Early in her career at a law firm, Robbie Narcisse was invited to a social outing at a country club with the firm’s partners. Believing the gathering was optional, Narcisse didn’t attend.
Days later, two of the firm’s partners told her they noticed her absence and encouraged her to attend future events. Though neither of them explicitly said her attendance was mandatory, Narcisse felt uncomfortable about their approach and spoke to a senior associate to help her decipher their real message. “What I was missing was the fact that because I was African American and there were so few of us, my absence was very noticeable and the event was not truly optional,” recalls Narcisse, now vice president of Global Ethics and Business Practices at Pitney Bowes Inc. in Stamford, Connecticut.
A number of top managers engage in indirect communication or even deliver messages by third parties. Lois Frankel, author of Nice Girls Don’t Get the Corner Office: 101 Unconscious Mistakes Women Make That Sabotage Their Careers (Warner Business Books; $19.95), says, “A lot of bosses manage by hinting around.”
Your inability to interpret corporate cues, however, can potentially derail your career. “Many people fail to get direct feedback, depending on the organization,” explains Martin N. Davidson, associate professor of leadership and organizational behavior at the Darden School of Business at the University of Virginia. “They’ll just get subtle signals. But it’s even more pronounced for women and people of color and for African American women in particular.”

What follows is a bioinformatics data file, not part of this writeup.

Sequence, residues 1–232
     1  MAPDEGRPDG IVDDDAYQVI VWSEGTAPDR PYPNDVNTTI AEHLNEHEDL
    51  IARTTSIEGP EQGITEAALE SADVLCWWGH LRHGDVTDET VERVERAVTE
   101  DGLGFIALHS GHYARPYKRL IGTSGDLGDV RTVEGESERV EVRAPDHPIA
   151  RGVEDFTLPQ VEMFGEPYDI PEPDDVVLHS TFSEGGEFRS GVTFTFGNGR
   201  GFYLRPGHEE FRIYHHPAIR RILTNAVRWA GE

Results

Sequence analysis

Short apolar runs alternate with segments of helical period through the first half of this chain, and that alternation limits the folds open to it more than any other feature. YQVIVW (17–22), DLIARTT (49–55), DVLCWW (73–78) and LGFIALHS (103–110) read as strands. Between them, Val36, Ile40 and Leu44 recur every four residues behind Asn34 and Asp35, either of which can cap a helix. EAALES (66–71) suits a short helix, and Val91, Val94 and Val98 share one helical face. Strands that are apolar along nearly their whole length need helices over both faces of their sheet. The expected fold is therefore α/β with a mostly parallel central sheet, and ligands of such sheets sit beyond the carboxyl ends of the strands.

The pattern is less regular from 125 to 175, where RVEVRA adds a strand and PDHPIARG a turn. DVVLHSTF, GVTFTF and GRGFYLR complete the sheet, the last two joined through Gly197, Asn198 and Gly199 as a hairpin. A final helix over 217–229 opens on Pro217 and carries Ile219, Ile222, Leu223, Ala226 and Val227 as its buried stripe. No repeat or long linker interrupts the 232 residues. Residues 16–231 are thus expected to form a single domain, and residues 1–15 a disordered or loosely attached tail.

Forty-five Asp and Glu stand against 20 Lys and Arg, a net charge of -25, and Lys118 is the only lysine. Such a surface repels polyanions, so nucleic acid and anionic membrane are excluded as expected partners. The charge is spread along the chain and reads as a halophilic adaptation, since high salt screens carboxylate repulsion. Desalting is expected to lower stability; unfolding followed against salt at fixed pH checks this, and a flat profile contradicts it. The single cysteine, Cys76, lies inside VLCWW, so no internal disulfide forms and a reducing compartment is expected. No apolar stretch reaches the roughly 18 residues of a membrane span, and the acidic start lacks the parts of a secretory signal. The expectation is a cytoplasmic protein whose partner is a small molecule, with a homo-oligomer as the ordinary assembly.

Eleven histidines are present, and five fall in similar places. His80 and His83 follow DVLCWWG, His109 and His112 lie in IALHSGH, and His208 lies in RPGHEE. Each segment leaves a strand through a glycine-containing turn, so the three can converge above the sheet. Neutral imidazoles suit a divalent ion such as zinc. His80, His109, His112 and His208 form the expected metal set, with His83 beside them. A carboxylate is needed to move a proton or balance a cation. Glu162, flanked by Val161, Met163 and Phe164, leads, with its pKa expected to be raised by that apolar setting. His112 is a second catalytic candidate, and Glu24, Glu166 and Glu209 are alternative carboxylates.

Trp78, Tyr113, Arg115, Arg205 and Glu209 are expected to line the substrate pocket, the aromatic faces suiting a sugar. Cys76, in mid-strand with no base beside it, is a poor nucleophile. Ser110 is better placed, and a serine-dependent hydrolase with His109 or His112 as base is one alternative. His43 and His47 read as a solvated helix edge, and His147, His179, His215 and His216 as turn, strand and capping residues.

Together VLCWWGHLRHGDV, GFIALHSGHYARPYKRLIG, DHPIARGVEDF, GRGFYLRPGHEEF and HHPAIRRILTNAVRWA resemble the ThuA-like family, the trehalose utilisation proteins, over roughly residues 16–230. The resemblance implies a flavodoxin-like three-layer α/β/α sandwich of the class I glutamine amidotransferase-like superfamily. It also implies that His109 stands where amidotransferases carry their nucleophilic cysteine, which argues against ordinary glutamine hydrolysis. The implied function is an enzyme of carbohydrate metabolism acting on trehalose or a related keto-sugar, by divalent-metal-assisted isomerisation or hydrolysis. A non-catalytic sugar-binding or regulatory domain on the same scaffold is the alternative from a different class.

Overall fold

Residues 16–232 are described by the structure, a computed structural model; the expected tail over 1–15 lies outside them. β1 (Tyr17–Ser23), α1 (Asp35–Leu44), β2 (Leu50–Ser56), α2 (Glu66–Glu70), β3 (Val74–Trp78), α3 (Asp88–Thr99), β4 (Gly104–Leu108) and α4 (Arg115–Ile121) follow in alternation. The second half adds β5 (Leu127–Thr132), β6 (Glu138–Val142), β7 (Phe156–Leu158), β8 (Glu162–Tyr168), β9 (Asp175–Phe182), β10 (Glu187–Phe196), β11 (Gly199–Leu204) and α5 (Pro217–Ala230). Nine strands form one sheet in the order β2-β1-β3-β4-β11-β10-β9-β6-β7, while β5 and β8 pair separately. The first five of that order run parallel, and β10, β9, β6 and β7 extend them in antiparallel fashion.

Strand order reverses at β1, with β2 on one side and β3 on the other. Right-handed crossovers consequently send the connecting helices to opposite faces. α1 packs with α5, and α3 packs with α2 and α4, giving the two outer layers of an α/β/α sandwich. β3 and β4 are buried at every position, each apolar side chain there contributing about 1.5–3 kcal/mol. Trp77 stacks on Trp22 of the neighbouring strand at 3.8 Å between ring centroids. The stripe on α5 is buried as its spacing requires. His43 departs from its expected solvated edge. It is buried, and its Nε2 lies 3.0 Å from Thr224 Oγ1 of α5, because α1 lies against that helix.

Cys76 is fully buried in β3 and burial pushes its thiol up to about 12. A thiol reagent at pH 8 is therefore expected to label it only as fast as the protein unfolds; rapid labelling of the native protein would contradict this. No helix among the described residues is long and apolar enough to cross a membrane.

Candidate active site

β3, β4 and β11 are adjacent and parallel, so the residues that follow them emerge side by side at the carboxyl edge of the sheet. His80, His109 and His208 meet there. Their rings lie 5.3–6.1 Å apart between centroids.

Important communication is often even more restricted when directed to black women. “Research tells us that it is typically challenging for African American women to get direct feedback because their peers are worried about being offensive,” Davidson says. “A lot of times African American women are left to decode what they ought to be doing or what they ought to be paying attention to.”
Getting the proper feedback from a senior — level manager, as Narcisse did, can help you decode important cues. “I understood from that point on that I should take those types of activities very seriously and consider them part of my working environment,” Narcisse relates. “I never missed another [event].”
Subtle messages can also be buried in evaluations, and criticism can come in a bushel of praise. Your boss may tell you you’re doing a fantastic job but add that there’s “one little thing” you could work on. “Whatever follows that statement is often the signal,” Davidson asserts. “The mistake that professionals make is that they think it really is a little thing, but in fact it is a significant issue, and he or she simply doesn’t feel comfortable saying it directly.”
Andrea Briscoe, a New York — based executive coach with Sage Consulting Inc., knows of a female manager at a large corporation who noticed a decline in her workload but never questioned it. Two months later, her position was eliminated. It was only in hindsight that the executive realized the light workload was a negative sign. “There are certain intuitive feelings that folks have,”